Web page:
"People may say I couldn't sing, but no one can say that I didn't sing!"
A distinctly fun film. Took me a little while to get into (not helped by the elderly quartet in the seats around me who consistently felt the need to make asides to each other – and they say the "youth" are the ones ruining cinema!) but, especially after the entrance of Cosme McMoon (pianist) the core characters riffed so well off one another that I was more than happy to be swept along for the ride. On that note, Simon Helberg, best known for his role on The Big Bang Theory, was stellar throughout. I expected (and received) great performances from both Meryl Streep and Hugh Grant, but Helberg was on top form, adding a very welcome level of both humour and rationalism to proceedings.
The film did well to provide a rounded view of the story, which is based in real-life events, with subtle hints at the darker sides of what is ostensibly a feel-good flick. Of particular note is the conversation between the reporter from the New York Post and St Clair towards the end of the film, in which the former calls out Foster Jenkins' possible abuse of her wealth and status amongst society to achieve personal dreams, without a thought for others. The riposte comes across as overly aggressive and unfair, which is accurate for the audience as we're aware that everyone is lying to Jenkins who is, personally, unaware of her own failings; however, it also plants a small seed in your mind that perhaps, from a modern perspective, there is a little more nuance to this tale.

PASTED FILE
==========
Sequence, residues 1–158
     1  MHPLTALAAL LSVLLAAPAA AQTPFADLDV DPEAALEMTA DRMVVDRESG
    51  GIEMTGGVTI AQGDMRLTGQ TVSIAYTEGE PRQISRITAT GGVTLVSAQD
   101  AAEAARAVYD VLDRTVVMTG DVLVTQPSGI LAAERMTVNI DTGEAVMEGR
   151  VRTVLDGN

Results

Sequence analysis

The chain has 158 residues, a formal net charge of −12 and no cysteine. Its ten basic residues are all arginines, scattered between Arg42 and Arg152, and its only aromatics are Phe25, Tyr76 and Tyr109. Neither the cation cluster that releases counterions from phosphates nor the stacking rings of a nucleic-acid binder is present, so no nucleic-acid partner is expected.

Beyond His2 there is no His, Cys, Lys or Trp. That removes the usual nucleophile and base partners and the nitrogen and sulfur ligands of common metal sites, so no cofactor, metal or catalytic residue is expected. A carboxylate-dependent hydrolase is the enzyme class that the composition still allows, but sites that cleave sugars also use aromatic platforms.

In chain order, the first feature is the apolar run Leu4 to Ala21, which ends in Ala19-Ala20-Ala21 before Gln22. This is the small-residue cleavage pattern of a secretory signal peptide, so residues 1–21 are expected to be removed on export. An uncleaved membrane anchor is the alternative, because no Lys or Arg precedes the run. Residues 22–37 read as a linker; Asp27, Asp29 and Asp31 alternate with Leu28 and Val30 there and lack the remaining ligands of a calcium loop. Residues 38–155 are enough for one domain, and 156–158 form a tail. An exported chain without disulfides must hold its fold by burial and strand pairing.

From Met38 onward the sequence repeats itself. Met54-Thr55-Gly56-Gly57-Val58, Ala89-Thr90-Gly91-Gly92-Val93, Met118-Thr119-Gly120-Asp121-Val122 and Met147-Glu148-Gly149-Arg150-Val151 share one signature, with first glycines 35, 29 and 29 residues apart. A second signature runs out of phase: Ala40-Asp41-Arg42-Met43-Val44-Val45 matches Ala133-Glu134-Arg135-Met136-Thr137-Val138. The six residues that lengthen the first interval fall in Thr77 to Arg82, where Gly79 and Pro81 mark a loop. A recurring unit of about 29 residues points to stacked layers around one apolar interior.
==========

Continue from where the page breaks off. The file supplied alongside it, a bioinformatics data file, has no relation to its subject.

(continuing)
Overall though the film is a humorous, heartfelt rendition of an extremely odd story. If it hadn't actually happened you would probably write off the entire thing as preposterous and just an excuse for great actors to have a bit of silly fun, but the reality of the events makes them into more than the sum of their parts. Unfortunately, due to real-life not working like the movies, the ending is a little flat, with none of our main protagonists seemingly getting just reward for their efforts. McMoon ends up as a failed pianist, albeit one that has played Carnegie Hall; St Clair seems to lead out his life in guilt, never truly finding love; and Jenkins achieves her dreams and has her bubble firmly burst in the doing so. In the movies, things would have played out differently, but ultimately the story does benefit from the reality.